Wednesday, February 18, 2015

Is Admiral Kolchak, Russia’s ‘First Fascist Ruler,’ a Role Model for Putin?

Paul Goble


            Staunton, February 18 – As Vladimir Putin’s rule has taken on ever more features of fascism, analysts have focused on those fascist and proto-fascist writers he has cited in his speeches. But there may be a more immediate model: Admiral Kolchak who has been called Russia’s “first fascist ruler” by both his supporters and his opponents.


            Three years ago, Mikhail Vtorushin researched Kolchak’s “fascism” (“The Phenomenon of Fascism at the Beginning of the 20th Century and Its Development in Siberia During the Civil War” (in Russian in the “Omsky nauchny vestnik,” no. 5 (2012), pp. 18-21, available online at


            But now his findings and arguments are being disseminated to a much larger Russian audience by Pavel Pryannikov on his Tolkovatel portal today (, an especially important development because Vtorushin devotes as much attention to fascist practice as to ideology and because he is a historian at the influential Russian Armed Forces Academy.


            As Pryannikov points out, “up to now even among the educated there is a view that ‘the White Movement’ in the Civil War was monolithic.” Nothing could be further from the truth. In fact, among those opposing the Bolsheviks were people from the extreme right, the left, liberals, national democrats of the ethnic minorities and fascists.


            To be sure, the last were identified as fascists only after the fact by Russian emigres who were struck by the parallels between the regime of Admiral Kolchak and that of Mussolini who called himself a fascist and by other parallels between tsarist Prime Minister Petr Stolypin whom they identified as a proto-fascist.


            Sometimes those classifying Kolchak as a fascist were his opponents and did so to discredit him, but at others those doing so were his supporters and did so in order to praise what Kolchak did and to argue that his regime in Siberia was a model for the future government of Russia as a whole.


            In his memoirs, K.V.Sakharov, a general who served under Kolchak, said that “the striving of the White idea to take the form of fascism in Siberia during the Civil War was only the first timid attempt,” but he added that “the White Movement in its essence was the first manifestation of fascism … not its foretaste but a pure manifestation of it.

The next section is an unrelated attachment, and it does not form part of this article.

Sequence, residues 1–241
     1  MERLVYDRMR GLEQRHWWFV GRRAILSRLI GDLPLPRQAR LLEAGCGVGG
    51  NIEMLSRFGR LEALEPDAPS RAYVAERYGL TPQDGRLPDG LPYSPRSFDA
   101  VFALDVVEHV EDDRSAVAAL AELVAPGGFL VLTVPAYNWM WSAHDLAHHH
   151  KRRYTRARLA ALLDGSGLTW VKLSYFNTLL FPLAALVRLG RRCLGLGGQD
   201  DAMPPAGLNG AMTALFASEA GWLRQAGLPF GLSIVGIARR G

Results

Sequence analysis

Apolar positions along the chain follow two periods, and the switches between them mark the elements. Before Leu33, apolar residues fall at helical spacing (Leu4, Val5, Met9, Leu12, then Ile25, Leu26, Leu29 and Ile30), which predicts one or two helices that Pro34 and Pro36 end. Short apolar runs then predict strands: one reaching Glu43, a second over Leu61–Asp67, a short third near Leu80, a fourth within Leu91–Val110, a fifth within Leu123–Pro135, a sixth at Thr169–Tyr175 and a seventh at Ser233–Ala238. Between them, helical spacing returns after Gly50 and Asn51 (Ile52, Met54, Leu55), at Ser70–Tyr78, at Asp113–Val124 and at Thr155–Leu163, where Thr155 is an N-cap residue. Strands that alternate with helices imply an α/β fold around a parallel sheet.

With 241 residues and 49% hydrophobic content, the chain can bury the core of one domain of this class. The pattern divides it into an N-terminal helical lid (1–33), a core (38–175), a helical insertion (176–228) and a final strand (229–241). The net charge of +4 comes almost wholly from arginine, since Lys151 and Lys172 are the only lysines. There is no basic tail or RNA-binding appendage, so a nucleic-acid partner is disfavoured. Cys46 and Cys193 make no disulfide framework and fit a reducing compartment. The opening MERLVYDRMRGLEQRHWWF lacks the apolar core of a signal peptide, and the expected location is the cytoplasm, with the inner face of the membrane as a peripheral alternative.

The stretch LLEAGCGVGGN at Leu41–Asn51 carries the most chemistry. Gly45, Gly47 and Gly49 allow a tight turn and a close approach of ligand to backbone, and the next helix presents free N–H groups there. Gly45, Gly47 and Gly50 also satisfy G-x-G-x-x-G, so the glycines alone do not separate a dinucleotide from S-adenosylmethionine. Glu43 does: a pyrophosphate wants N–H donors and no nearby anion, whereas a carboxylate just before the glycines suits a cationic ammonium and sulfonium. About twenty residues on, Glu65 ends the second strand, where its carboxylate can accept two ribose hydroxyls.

Another Kolchak general, A.F. Matkovsky, said that the core of Kolchak’s idea was “the formula of ‘a united and indivisible Russia’ as ‘a democratic, legal and national state,” and that “it is time for all Russians to remember that they are children of Great Rus which could not fail to be a Great State. We are Russian and we should be proud of this.”


            And Kolchak himself uttered words which remind one of Putin’s.  “I was a witness,” he declared, of the failure of autocracy to prevent revolution and disintegration. And “I will not” seek to restore any system that cannot block such things but rather build a new kind of state capable of preventing them.


            Kolchak attempted to implement Stolypin’s land program. He proclaimed the introduction of government guarantees for workers, including an eight-hour day, health insurance, and old age pensions. And all these things alienated the extreme right, as did his dropping of “nationality” from the Ogarev trinity of official nationality.


Liberals saw this as an indication of Kolchak’s support for the wealthy and his unwillingness to open the way for democracy which would have brought to power those who spoke for the poorest and most deprived groups. One of their number, the Social Revolutionary Ye.Ye. Kolosov was explicit on exactly that point.


            As he put it, “Siberian fascist with Admiral Kolchak at their head represented a purely caste system of power, narrow and closed in on itself and consisting of the upper strata of the military circles. European fascism preserves a civilian structure … but the Siberian fascists subordinated the civilian authorities entirely to the military, reducing them to nothingness.”


            What struck both supporters and opponents of Kolchak and his fascism, Pryannikov says drawing on Vtorushkin, was the enormous role intellectual advisors who had fled from central Russia to Siberia played in elaborating this system.  Indeed, Pryannikov suggests that it is possible to speak of “’the philosophy of fascism of the Russian intelligentsia.’”


            As Kolchak faced defeat at the front and in the rear, he turned ever more to the use of force against the population and any political opposition, something that drove ever more people into the arms of the Bolsheviks even if they had been opposed to them at the outset. As a result, the first attempt at Russian fascism failed.


            After the Bolshevik victory in the Civil War, the Tolkovatel editor says, supporters of Russian fascism fled abroad writing and organizing where they could, “from small fascist parties in Manchuria, the US and Europe to the proto-fascism of Stalin and his Russian opponents in the Great Fatherland War.”


            And he adds in conclusion: “the defeat of Germany and its allies in World War II delegitimized the idea of fascism, and only 70 years later, on the post-Soviet space is its renaissance beginning” – and like a century ago, Pryannikov says, “the intelligentsia is again its advance guard” with political leaders following their lead.



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